I think we forget how exceptionally open America is, and as a result what a great country it is and will be, despite its many faults and failings.

I really don’t think there is anywhere else that an immigrant can be so readily accepted.

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José Luis on June 1, 2011  · 

Well, I just googled “Varsavky judio” and just right after Martinn’s quotationes there is this document:
Even if you do not understand Spanish, the front illustration describes what the document is all about. It is The Protocols of Sion revisitated.

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Elvan on June 5, 2011  · 

Thank you and thank you writing this. I love traveling and during my travels i have to stay in many places with Europeans. Being from Turkey myself .The prejudice is amazing ,especially from Germans.The funny thing is they always at the beginning start with a big smile and bum!!!! ,.They are all also surprised ,i being a women and turkish can travel . and this not make them much happy.

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Lina - arte country on June 6, 2011  · 

I Although really hard times I’ve thought of emigrating to Europe always think that it is DISCRIMINATION not having a high fee, which is the only protection offered by the government to the inhabitants of each country, because unfortunately the majority of immigrants either a bad culture and if allowed to enter for amounts end up with the developed, I apologize but it’s just a comment.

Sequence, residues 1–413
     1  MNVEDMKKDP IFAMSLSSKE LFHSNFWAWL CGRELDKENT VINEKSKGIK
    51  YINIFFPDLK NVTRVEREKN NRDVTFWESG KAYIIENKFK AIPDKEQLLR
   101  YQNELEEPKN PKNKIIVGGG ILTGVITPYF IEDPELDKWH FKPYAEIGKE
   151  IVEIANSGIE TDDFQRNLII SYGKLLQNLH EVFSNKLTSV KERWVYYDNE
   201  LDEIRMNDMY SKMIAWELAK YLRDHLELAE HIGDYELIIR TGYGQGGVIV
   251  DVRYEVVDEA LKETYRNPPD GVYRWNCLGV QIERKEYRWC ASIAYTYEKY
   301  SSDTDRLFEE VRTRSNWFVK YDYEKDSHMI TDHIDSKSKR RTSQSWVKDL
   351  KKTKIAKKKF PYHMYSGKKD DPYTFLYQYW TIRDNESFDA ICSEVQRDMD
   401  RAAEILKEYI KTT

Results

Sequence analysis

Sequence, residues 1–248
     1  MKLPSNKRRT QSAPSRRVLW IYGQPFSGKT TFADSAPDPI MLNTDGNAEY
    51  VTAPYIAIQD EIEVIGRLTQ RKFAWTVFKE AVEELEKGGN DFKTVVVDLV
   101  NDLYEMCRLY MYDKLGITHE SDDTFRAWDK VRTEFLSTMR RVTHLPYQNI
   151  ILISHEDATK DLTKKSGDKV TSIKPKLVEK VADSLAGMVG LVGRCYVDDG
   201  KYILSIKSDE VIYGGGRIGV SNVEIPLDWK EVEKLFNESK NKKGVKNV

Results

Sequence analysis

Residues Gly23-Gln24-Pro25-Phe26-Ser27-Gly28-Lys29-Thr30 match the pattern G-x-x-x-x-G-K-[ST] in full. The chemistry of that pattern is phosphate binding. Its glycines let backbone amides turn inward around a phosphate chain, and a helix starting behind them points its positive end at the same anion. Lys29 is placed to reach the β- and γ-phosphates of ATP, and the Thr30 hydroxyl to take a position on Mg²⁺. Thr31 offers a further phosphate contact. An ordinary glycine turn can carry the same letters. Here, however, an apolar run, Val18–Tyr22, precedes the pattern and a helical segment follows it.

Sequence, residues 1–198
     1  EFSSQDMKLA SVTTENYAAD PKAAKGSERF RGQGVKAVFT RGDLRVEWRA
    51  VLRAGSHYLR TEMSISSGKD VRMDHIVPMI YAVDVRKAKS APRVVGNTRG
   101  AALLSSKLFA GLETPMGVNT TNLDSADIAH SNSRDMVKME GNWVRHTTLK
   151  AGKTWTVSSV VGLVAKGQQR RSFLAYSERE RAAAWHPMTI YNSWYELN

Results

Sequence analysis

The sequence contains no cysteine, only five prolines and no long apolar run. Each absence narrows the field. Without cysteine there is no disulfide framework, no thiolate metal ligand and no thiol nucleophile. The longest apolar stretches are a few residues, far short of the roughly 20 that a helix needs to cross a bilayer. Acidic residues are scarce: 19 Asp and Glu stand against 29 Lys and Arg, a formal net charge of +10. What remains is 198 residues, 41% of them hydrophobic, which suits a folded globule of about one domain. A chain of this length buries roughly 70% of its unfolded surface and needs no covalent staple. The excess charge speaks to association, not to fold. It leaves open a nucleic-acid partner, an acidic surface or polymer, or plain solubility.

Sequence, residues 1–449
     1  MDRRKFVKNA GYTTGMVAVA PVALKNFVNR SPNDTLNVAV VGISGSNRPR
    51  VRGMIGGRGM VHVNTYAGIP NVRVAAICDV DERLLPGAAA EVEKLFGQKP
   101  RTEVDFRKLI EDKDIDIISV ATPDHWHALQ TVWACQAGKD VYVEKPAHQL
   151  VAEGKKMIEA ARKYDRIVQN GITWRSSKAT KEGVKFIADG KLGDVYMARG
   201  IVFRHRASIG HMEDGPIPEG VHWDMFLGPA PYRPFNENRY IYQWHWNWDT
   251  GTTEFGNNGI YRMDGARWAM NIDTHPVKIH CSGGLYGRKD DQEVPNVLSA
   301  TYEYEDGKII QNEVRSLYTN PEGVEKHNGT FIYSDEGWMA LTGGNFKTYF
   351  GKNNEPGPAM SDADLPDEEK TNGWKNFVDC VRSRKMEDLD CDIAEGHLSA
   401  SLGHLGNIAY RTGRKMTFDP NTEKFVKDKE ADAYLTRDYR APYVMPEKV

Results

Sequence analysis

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Nacho on June 9, 2011  · 

Es horrible lo que sale cuando buscás “judío varsavky”. ¿Cómo podés vivir en España? Sabía que había bastante racismo pero no me imaginaba eso. Mejor ni busco a ver si hay cosas similares también en Francia…

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Anthony Hess on June 11, 2011  · 

I wouldn’t use the US immigration system as a model for anything as it’s a mess, but I think our culture is pretty accepting. Even in the case of Mexicans (probably the only immigrant group that is seeing significant backlash right now) us Americans have absorbed words, food, and elements of culture from them as they integrate into our country. I was actually kind of shocked when I moved to Spain how “clannish” many people are here, but it actually makes a lot of sense. We are almost all new in the US, and with the common language we move all over the country, but in Europe families have spent thousands of years in the same place and I think that has an impact on views toward foreigners or people who are “different”.

As far as the internet goes … people say some pretty crazy things and I wouldn’t necessarily view it as indicative of the rest of the population.